The federal fair lending laws – the Equal Credit Opportunity Act and the Fair Housing Act – prohibit discrimination in credit transactions, including transactions related to residential real estate.
Fair Lending Statutes and Implementing Regulations
The Equal Credit Opportunity Act (ECOA), which is implemented by the Board's Regulation B (12 CFR 202), prohibits discrimination in any aspect of a credit transaction. It applies to any extension of credit, including residential real estate lending and extensions of credit to small businesses, corporations, partnerships, and trusts.
The ECOA prohibits discrimination based on:
- Race or color
- National origin
- Marital status
- Age (provided the applicant has the capacity to contract)
- The applicant's receipt of income derived from any public assistance program
- The applicant's exercise, in good faith, of any right under the Consumer Credit Protection Act.
The Fair Housing Act (FHAct), which is implemented by HUD regulations (24 CFR 100), prohibits discrimination in all aspects of residential real estate-related transactions, including but not limited to:
- Making loans to buy, build, repair, or improve a dwelling
- Purchasing real estate loans
- Selling, brokering, or appraising residential real estate
- Selling or renting a dwelling
The FHAct prohibits discrimination based on:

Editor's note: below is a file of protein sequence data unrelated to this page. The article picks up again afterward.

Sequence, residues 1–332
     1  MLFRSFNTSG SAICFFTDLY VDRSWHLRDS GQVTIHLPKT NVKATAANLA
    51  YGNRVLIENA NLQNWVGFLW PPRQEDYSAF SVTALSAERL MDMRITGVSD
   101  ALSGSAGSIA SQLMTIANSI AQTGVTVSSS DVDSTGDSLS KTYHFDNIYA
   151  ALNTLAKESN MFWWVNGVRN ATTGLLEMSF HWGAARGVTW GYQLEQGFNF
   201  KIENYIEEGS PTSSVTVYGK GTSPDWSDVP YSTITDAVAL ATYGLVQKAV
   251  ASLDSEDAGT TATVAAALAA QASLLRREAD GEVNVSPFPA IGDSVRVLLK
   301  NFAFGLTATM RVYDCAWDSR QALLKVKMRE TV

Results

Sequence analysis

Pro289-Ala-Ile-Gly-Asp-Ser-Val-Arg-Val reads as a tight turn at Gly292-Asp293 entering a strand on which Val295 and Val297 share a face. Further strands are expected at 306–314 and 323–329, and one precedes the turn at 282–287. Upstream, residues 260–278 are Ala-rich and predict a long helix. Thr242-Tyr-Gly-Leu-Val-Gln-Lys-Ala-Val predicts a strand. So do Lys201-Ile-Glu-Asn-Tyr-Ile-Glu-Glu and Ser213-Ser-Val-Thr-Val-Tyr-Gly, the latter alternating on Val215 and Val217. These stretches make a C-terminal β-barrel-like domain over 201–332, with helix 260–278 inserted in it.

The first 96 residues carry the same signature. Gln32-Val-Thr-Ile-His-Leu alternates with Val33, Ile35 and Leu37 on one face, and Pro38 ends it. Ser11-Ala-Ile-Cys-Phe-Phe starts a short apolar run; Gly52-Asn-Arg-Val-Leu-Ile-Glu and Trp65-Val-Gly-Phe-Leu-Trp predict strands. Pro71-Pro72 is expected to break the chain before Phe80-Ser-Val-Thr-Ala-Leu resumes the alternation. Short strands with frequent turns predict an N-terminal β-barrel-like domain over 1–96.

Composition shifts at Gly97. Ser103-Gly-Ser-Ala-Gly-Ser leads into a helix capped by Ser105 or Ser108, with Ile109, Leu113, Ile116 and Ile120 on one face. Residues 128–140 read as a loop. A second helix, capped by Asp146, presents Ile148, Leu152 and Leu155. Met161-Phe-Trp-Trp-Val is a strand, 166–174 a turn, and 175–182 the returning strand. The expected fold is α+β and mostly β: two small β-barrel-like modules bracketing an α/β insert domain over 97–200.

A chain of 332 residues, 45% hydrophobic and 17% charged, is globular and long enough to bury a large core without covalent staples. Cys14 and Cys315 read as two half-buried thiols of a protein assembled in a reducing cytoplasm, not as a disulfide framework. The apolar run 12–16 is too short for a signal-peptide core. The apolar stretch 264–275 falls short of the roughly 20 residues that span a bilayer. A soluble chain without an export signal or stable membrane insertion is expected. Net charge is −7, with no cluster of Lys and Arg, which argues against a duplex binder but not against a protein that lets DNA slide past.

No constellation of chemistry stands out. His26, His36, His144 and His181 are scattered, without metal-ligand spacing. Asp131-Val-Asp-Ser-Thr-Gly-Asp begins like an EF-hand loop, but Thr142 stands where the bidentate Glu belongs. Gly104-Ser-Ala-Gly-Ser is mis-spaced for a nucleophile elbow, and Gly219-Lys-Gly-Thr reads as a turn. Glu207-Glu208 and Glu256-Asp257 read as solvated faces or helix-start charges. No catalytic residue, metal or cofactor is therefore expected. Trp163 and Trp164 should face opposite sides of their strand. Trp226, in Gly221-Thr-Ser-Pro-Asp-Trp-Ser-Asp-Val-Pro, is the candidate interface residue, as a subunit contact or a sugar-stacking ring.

- Race or color
- National origin
- Familial status (discrimination against households having children under the age of 18 living with a parent or legal custodian, pregnant women, or persons with legal custody of children under 18)
Because both the FHAct and the ECOA apply to mortgage lending, lenders may not discriminate in mortgage lending on the basis of any of the prohibited factors listed previously. In addition, with respect to residential real estate-related lending, under both laws, a lender may not, on the basis of a prohibited factor,
- Fail to provide information or services relating to, or provide different information or services relating to, any aspect of the lending process, including credit availability, application procedures and lending standards
- Discourage or selectively encourage applicants with respect to inquiries about or applications for credit
- Refuse to extend credit, or use different standards in determining whether to extend credit
- Vary the terms of credit offered, including the amount, interest rate, duration, and type of loan
- Use different standards to evaluate collateral
- Treat borrowers differently when servicing loans or invoking default remedies
- Use different standards for pooling or packaging a loan in the secondary market based on a prohibited factor
A lender may not express, orally or in writing, a preference that is based on a prohibited factor or indicate that it will treat applicants differently on the basis of a prohibited factor. Moreover, a lender may not discriminate on a prohibited basis because of the characteristics of
- An applicant, prospective applicant, or borrower
- A person associated with an applicant, prospective applicant, or borrower (for example, a co-applicant, spouse, business partner, or live-in aide)
- The present or prospective occupants of either the property to be financed or the neighborhood or other area in which the property to be financed is located
Finally, the FHAct requires lenders to make reasonable accommodations for a person with disabilities when such accommodations are necessary to afford the person an equal opportunity to apply for credit.
Please visit the Federal Financial Institutions Examination Council (FFIEC) website for the Interagency Fair Lending Examination Procedures.